The pre-election economic and fiscal update the Treasury releases on Tuesday week will have to reflect a darker view of the economic outlook than the upbeat document it delivered on Budget day.
The Budget was predicated on the view that, after a nasty dose of recession, the economy was coming right and the Government could afford to focus on structural issues such as cutting its spending as a share of GDP.
World growth had recovered, underpinning the most favourable terms of trade (mix of export and import prices) for decades and boosting national income.
The mammoth task of rebuilding Christchurch awaited a construction sector starved of work.
And highly stimulatory monetary policy could be expected to work its magic on household consumption, via a recovering housing market and other channels.
By now, the Budget said, we would be looking at an economy set to expand by 4 per cent over the next 12 months.
Not so. The global economy, in particular, did not get the memo.
Consensus forecasts for growth among New Zealand's trading partners have been revised down and down.
They are now expected to grow 3 per cent this year and 3.9 per cent next year, compared with a forecast of 3.7 per cent and 4.4 per cent respectively at Budget time.
It is not just that the economies of Europe and the United States are faltering while their political leaders seem incapable of doing anything except make things worse. Recently forecasts for emerging Asian economies have been downgraded too, recognising they are not immune from doings in their Western markets.
And past experience suggests that when things are heading rapidly south consensus forecasts tend to lag reality.
Export commodity prices, although still high by historical standards, have been generally falling for months.
Combined with elevated levels of risk aversion in global financial markets, this has taken some pressure off the exchange rate, but on a trade-weighted basis the dollar is still 3 per cent stronger than the Budget forecasts assumed it would be at this stage.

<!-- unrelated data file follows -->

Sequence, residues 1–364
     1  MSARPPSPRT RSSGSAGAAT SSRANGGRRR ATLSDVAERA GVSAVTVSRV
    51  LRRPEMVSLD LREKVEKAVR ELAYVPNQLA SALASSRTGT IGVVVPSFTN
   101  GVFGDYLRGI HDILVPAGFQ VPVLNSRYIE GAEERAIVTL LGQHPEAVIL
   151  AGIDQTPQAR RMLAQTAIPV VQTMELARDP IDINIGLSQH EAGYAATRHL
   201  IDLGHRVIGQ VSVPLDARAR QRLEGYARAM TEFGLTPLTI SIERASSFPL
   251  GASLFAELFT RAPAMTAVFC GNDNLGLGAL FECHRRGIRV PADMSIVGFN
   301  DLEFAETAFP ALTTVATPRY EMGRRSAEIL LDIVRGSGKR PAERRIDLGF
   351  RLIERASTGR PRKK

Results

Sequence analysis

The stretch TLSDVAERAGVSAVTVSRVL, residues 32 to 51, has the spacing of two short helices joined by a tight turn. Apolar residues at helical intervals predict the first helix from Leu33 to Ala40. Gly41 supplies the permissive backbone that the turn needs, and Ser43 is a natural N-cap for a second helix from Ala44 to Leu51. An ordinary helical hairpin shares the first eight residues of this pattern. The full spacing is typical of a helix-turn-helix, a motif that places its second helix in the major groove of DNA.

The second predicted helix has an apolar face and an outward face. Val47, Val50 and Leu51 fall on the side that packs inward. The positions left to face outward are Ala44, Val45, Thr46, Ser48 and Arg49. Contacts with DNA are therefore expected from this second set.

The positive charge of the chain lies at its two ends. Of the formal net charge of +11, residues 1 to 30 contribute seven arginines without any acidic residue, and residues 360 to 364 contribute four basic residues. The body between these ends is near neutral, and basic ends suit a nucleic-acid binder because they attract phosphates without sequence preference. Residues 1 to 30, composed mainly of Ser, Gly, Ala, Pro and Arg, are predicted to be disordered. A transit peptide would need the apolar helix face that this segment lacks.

Perhaps the clearest indicator that investors are taking a very gloomy view of the outlook for growth is the global slump in bond yields.
In New Zealand's case that has pulled 10-year bond yields back to where they were by the end of the recession in early 2009.
And remember it was uncertainty about the global outlook and the heightened risk that our export-led recovery will be sideswiped by an international shock that led governor Alan Bollard to defer the interest rate hike he had signalled for last month.
Indeed the markets now think it will be the September quarter next year before the official cash rate rises from its current all-time low.
On the home front estimates of the cost of the seismic calamity in Canterbury keep rising, even as ongoing aftershocks delay rebuilding.
The reconstruction of Christchurch will start later, take longer and cost more than expected at Budget time. It will boost activity but it is, of course, not the kind of growth you want, as it only replaces wealth destroyed.
As for domestic demand in the rest of the economy, the Treasury seems to be taking a positive view, to judge by its monthly commentaries on the economic data flow.
"It is important to emphasise that the weaker global environment will not be the only factor influencing the forecasts," says its most recent report.
"These forecasts will need to balance the partially offsetting factors of stronger momentum in domestic demand, the weaker global outlook, and what looks to be a larger but delayed Canterbury rebuild."